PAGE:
The government suspended services for Southwest and Northwest province after a series of protests that resulted in violence and the arrest of community leaders.
The shutdown has proved particularly damaging in the city of Buea, the capital of Southwest that has been lauded as Cameroon's "Silicon Mountain
," where dozens of successful start-ups have been launched.
"(The ban) has affected us very badly," says Otto Akama, community manager of Activspaces
, a tech hub and incubator that serves many of the city's young entrepreneurs.
"We have empty offices all over the city. All tech companies are down. Most banks are down and ATM machines are not working so people don't have access to cash."
With no resolution in sight, conditions are likely to deteriorate further.
The shutdown is occurring at the worst possible time, says Akama, as fledgling companies struggle to scale up.
"January is the month when businesses start employing new strategies (and) this will kill energy in many companies," he says. "The cash-flow issue might lead to poverty in the next weeks if this does not stop."
Entrepreneurs are having to adapt to survive now. Akama makes a two-hour commute to work in the French-speaking city of Douala. Others stay in hotels or offices.
ActivSpaces is playing a supportive role during this crisis, offering free office space to tech workers and fundraising to cover their hotel bills. But the company cannot maintain this arrangement much longer, and Akama fears that hard-earned gains could be lost.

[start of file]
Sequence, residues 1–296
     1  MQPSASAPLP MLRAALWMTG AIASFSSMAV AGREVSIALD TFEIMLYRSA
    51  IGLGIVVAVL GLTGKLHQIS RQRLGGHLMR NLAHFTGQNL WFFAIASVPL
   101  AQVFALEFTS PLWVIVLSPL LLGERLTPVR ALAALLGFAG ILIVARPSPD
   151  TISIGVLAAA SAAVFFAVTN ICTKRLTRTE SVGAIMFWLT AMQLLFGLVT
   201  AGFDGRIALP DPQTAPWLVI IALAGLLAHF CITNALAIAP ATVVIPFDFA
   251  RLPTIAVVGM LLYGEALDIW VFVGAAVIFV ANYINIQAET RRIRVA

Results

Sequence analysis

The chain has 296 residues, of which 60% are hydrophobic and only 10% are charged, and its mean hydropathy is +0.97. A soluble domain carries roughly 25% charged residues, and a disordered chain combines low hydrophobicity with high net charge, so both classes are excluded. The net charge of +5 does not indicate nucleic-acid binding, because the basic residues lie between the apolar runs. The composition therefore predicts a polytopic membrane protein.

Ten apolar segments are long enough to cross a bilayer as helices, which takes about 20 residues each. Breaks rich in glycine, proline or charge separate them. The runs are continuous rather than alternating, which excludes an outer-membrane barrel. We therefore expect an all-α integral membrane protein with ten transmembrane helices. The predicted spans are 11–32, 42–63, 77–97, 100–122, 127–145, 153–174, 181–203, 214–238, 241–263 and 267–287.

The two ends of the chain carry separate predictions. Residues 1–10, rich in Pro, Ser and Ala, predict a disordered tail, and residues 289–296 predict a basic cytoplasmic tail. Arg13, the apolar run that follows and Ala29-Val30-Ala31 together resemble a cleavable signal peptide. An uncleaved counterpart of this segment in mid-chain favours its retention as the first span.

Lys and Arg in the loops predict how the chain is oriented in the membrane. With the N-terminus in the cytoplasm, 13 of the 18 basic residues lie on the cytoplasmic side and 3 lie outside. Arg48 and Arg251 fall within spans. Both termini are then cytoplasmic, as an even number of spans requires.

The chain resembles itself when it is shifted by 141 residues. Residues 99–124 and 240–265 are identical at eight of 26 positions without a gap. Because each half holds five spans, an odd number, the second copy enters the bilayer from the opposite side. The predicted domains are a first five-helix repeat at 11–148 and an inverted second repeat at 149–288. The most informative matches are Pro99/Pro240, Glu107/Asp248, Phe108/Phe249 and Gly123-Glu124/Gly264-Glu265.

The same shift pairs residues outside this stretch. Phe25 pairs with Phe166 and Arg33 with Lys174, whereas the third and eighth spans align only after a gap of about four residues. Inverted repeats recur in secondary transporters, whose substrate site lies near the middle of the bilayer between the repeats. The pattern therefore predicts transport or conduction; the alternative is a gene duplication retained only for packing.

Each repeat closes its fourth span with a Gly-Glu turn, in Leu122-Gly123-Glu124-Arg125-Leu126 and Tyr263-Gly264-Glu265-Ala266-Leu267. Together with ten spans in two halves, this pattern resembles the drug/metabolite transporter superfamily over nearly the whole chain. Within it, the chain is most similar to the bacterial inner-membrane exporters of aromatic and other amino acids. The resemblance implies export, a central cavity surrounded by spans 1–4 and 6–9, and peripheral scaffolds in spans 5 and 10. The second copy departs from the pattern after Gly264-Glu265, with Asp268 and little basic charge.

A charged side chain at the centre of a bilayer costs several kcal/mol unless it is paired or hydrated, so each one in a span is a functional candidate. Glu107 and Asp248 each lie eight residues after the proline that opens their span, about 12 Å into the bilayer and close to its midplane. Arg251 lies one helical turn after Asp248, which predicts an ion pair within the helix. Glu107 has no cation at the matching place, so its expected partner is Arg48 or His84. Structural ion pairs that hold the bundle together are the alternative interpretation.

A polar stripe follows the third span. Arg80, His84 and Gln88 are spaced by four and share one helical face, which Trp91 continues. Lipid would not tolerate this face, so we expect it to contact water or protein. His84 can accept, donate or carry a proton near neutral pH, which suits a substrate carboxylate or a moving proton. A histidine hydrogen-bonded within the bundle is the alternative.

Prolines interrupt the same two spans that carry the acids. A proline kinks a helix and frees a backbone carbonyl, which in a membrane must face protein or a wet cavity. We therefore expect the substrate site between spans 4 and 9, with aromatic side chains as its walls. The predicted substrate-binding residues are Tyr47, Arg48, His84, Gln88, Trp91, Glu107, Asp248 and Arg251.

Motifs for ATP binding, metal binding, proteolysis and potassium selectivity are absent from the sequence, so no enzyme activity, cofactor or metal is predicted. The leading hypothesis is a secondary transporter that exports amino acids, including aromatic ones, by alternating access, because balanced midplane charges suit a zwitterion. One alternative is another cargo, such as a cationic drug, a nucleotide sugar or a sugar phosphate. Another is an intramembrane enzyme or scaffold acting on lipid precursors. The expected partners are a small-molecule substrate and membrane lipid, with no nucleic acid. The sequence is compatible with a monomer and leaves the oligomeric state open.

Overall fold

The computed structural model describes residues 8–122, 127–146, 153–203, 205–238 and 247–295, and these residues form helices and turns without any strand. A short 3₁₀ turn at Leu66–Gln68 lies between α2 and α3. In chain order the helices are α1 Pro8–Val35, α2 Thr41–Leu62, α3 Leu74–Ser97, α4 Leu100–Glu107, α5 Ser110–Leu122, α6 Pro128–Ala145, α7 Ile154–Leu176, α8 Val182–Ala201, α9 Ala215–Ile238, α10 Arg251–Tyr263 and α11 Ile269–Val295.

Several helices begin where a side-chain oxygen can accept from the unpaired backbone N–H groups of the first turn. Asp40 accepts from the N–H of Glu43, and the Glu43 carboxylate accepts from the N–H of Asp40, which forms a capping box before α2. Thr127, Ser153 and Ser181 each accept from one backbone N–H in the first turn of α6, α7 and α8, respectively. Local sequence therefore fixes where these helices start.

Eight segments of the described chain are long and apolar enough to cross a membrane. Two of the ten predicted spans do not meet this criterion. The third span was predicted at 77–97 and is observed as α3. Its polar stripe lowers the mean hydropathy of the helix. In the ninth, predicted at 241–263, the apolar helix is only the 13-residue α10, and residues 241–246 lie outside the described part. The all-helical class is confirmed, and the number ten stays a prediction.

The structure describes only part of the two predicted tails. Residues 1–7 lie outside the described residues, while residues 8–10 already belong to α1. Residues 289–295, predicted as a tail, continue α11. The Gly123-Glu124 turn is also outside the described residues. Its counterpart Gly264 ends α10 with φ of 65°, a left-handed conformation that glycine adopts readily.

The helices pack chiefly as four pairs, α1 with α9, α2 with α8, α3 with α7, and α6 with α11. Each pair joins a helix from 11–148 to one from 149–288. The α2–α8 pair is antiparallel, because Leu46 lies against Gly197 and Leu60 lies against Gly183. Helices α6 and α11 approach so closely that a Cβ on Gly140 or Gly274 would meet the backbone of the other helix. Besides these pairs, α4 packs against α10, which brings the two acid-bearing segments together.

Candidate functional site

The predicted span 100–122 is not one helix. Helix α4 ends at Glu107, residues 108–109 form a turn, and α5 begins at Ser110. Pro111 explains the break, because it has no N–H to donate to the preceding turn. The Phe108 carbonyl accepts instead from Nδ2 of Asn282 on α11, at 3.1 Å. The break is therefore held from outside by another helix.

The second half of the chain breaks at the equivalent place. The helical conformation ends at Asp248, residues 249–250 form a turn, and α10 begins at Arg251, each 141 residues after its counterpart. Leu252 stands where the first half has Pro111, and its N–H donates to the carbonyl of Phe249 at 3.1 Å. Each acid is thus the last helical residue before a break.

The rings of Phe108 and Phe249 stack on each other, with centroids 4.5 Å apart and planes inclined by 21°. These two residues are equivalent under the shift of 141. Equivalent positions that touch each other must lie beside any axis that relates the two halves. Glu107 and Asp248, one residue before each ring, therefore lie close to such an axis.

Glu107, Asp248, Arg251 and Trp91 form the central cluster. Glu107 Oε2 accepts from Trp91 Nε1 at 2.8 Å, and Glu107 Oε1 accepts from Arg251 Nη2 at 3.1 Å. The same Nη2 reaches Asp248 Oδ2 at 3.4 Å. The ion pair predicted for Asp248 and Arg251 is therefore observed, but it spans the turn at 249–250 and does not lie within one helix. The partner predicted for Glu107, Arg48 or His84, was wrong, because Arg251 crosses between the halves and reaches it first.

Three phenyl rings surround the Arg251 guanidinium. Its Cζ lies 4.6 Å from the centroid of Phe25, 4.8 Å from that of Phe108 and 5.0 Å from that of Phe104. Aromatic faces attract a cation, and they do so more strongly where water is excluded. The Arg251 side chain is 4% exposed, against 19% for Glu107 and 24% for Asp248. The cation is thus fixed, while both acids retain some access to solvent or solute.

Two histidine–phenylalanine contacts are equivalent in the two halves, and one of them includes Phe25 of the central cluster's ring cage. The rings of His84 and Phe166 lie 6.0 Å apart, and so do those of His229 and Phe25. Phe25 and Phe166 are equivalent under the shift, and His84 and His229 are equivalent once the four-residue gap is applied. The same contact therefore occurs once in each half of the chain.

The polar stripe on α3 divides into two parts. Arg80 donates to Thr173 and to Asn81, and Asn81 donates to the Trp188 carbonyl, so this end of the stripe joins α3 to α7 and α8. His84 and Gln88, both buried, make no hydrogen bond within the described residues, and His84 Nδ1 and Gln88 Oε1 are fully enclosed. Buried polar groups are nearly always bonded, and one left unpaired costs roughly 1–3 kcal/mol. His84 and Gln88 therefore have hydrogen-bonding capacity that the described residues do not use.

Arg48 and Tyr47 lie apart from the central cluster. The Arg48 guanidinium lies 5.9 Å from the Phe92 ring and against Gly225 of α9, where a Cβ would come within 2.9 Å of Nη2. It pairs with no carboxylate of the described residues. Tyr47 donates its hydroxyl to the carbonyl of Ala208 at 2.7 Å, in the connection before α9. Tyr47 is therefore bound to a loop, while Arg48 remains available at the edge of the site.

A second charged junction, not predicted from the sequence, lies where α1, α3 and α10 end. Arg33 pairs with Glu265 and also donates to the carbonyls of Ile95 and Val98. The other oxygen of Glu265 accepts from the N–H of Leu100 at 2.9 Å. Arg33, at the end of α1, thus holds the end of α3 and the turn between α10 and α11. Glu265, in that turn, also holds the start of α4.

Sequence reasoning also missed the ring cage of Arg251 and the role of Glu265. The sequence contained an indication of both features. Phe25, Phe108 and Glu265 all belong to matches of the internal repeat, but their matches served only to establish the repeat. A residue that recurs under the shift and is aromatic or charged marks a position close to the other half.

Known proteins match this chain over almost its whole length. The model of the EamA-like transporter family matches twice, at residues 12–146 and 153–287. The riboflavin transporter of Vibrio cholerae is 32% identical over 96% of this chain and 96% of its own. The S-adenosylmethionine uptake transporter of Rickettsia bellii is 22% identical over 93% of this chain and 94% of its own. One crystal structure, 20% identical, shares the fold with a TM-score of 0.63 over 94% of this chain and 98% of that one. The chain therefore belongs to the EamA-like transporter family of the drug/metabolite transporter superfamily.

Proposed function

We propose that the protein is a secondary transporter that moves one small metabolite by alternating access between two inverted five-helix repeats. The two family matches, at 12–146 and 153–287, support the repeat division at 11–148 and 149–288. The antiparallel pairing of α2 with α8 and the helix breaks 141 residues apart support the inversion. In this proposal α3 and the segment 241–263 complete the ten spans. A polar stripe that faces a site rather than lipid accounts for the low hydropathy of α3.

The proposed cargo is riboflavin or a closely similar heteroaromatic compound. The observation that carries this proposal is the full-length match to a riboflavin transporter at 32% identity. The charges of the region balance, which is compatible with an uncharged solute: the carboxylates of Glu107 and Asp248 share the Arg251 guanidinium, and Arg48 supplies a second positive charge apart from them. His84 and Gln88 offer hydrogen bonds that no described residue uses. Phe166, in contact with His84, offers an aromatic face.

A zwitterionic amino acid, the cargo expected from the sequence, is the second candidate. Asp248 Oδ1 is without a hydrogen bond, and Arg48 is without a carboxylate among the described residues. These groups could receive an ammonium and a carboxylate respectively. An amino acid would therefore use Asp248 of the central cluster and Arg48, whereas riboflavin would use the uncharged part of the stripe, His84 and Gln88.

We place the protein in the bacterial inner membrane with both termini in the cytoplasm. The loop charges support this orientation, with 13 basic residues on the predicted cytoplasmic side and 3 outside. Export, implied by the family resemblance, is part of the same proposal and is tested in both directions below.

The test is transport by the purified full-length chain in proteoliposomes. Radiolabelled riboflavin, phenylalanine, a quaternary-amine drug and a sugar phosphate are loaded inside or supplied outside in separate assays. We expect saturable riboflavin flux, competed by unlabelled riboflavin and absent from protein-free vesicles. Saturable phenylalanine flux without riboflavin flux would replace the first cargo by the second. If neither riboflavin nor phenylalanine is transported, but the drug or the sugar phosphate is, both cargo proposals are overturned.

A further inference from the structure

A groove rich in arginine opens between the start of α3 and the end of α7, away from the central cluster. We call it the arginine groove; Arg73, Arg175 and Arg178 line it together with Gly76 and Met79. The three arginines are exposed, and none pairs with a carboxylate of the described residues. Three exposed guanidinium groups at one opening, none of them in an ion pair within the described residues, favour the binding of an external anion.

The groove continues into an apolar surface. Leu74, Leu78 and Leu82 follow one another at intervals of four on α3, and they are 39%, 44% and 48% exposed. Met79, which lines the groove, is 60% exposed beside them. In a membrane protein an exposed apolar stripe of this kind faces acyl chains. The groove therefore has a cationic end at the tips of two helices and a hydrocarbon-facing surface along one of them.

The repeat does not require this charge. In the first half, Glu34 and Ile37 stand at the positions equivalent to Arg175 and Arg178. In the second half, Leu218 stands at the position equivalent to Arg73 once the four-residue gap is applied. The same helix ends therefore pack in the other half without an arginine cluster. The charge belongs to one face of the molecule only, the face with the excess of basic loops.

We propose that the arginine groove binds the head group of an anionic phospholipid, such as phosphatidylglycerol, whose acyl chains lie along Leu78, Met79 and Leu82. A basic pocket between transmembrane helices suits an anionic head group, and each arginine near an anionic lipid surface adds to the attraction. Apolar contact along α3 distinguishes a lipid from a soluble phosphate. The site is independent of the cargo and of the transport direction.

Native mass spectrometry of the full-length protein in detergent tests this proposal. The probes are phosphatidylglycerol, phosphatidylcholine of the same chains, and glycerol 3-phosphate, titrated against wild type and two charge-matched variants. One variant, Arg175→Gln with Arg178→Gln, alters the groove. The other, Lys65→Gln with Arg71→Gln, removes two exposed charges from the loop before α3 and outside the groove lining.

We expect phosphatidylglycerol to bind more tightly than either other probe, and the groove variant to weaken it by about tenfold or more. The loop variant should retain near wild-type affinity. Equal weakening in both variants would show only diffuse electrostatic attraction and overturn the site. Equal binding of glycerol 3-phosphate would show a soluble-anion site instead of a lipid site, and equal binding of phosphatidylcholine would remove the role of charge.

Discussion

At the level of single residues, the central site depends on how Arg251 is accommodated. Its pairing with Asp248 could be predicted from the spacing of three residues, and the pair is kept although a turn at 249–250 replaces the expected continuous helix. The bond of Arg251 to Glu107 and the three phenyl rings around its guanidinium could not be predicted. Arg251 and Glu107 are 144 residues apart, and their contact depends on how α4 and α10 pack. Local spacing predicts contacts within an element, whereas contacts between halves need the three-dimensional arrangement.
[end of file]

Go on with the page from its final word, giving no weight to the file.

"People have taken the last seven years to build the Silicon Mountain community with their bare hands and no government support" he says. "But the government's one move is about to crush all that. It is so frustrating."
Leading entrepreneurs will soon flee Cameroon, he believes, and the nation will be poorer for their loss.
Cameroon's Ministry of Communications did not respond to a CNN request for comment, and has made no statement on the shutdown.
A divided country
The current crisis has deep roots.
Residents of Cameroon's two English-speaking provinces have longstanding grievances against the largely-francophone central government, complaining of economic marginalization and the imposition of French legal and education systems upon them.
"We have problems with water, roads and healthcare not being delivered," says Edna Njilin, secretary general of the opposition Cameroon People's Party. "We don't want our teachers delivering lessons in French."
In November and December 2016, anglophone lawyers led protests against the use of French in courts that resulted in clashes with police in which protesters were killed